Scotland is ahead of the UK and most of Europe when it comes to digital public services but needs to do more to compete with Nordic countries, according to a new report.

Researchers used ‘mystery shoppers’ to find out what it was like dealing with public services in Scotland at eight major life events – including starting a business, moving house and studying.

Scotland scored 67% on the key benchmarks – compared to 54% for the UK as a whole and 59% on average for the EU. However, more work is needed on the “building blocks” of digital government to reach the same level as high-performing Finland, Denmark, Sweden and Norway.

The Scottish Government commissioned consulting firm Capgemini Invent to produce the report as part of work to deliver a refreshed digital strategy for Scotland.

Public Finance Minister Ben Macpherson said:

“Scotland is working to become a digital leader in an interconnected world, and the coronavirus (COVID-19) pandemic has made clearer than ever the importance of good digital public services. This report confirms that we’re already ahead of the game when it comes to digital public services and I want to make sure we build on that progress.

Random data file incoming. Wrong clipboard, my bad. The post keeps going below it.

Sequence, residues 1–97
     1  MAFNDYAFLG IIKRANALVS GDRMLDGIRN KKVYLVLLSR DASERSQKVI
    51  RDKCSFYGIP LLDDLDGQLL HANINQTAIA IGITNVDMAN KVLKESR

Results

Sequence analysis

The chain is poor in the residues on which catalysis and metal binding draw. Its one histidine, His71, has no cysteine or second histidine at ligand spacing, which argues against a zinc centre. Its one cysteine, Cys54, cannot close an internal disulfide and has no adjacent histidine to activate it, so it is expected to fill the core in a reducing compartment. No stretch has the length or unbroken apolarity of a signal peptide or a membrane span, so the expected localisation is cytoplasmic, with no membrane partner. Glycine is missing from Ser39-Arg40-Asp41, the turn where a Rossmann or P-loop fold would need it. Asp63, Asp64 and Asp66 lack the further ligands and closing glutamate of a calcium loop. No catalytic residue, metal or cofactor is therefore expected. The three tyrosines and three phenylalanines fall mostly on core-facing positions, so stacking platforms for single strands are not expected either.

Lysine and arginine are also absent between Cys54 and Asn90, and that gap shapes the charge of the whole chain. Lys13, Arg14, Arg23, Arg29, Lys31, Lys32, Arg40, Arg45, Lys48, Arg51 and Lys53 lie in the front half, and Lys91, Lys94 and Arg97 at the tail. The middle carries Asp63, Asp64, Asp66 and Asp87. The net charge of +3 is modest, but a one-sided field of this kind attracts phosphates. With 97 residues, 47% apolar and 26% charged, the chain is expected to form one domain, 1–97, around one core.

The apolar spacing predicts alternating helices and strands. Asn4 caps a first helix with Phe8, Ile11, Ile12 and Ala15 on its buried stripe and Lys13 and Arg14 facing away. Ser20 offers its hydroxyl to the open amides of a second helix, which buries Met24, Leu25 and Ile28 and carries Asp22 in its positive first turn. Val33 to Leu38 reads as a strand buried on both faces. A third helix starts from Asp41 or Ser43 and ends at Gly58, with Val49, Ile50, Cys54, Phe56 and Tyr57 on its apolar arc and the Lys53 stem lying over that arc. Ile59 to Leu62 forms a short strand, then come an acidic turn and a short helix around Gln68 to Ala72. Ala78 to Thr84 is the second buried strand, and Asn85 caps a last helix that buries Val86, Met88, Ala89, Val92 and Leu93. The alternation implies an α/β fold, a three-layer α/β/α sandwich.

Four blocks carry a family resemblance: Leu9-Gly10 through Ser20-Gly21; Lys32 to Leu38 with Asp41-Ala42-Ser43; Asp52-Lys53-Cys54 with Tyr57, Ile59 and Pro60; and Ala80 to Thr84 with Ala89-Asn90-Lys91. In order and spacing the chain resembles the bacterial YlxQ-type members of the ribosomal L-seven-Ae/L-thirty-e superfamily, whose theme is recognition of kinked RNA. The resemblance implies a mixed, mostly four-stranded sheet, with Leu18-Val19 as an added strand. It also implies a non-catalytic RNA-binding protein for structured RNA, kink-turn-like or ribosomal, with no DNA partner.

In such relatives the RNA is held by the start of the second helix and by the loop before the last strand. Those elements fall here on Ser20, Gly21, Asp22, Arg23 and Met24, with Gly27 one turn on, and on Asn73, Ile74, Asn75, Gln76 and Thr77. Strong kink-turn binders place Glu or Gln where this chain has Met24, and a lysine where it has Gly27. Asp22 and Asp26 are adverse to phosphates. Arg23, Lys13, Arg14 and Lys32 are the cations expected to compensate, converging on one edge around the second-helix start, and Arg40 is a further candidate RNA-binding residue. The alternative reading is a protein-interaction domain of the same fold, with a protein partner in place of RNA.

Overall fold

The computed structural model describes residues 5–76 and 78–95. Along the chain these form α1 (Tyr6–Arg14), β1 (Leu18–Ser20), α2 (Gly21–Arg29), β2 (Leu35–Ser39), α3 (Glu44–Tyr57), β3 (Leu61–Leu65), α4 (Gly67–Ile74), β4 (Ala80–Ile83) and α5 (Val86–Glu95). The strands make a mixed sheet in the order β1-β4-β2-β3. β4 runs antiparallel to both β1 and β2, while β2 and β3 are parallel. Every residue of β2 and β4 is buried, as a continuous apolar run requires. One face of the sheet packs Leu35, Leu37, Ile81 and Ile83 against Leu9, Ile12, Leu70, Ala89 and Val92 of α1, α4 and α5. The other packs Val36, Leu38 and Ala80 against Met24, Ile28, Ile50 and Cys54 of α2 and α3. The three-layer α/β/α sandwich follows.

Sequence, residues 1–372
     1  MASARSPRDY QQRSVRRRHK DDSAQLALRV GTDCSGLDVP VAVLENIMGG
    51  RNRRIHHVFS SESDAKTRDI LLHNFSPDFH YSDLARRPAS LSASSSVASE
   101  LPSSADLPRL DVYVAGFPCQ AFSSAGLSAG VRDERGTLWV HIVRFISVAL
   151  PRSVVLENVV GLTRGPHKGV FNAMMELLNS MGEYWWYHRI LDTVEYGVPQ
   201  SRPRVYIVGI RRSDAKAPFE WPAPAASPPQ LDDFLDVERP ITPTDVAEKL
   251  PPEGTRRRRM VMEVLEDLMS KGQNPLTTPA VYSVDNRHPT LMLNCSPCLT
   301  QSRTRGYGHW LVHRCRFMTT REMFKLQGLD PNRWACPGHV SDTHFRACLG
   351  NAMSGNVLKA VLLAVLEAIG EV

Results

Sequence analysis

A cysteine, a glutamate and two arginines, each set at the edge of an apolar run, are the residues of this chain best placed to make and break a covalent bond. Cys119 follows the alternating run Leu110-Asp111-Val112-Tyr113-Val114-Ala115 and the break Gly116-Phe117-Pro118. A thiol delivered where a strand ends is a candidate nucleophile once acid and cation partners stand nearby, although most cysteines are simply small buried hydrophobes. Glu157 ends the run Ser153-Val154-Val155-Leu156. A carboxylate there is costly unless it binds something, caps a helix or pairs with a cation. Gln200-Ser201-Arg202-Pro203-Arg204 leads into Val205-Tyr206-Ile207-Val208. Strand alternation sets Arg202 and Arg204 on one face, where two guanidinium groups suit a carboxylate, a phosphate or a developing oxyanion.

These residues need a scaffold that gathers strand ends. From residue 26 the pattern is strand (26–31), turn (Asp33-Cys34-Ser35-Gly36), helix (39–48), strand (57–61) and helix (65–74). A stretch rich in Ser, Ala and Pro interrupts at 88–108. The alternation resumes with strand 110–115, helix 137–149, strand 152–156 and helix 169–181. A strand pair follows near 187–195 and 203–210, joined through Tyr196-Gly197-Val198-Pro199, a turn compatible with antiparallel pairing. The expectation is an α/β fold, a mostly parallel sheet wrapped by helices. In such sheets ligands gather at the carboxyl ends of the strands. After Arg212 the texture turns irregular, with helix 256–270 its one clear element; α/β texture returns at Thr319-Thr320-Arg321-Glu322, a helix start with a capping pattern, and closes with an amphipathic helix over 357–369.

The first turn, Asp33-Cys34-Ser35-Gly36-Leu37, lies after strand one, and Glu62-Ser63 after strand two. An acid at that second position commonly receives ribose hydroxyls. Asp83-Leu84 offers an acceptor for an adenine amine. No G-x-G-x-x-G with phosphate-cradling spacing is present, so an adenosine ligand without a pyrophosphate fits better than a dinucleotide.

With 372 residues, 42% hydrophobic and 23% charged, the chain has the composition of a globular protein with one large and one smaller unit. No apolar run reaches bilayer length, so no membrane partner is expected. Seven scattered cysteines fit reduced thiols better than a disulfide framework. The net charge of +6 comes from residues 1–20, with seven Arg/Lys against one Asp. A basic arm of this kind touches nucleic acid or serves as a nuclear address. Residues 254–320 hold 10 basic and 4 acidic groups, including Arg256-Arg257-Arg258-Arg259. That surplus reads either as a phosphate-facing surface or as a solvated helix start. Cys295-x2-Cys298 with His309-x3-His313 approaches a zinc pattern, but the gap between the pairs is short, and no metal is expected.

“We recognise the researchers’ recommendations for how we can improve further, and we are currently consulting on our draft digital strategy which contains plans to address many of these points. We will continue to work with other European counties to learn from their experiences and share our own.”

Fiona Young, Head of Capgemini Invent in Scotland, said:

“Well designed and executed digital services should enable citizens and businesses to seamlessly interact with public services, which has also been heightened by the COVID-19 pandemic. Scotland’s position, which is above the EU27+ average, is testimony to the progress made in developing its online government services in line with its digital strategy. Moving forward, a continued focus on social, economic and wellbeing outcomes backed by fiscal measures will help accelerate the transformation and realise its vision of a Digital Scotland.”

Jane Morrison-Ross, CEO of digital technologies industry trade body ScotlandIS, said:

“We live in a Scotland where digital underpins our most important public services to deliver a healthier, more environmentally conscious, wealthier and inclusive nation.

“This report recognises our progress but there is more to do and the Scottish Government is already working towards these goals with partners. Together we can take the learnings from the report and continue to create a digital Scotland that is good for the people, the economy, the environment and the government.”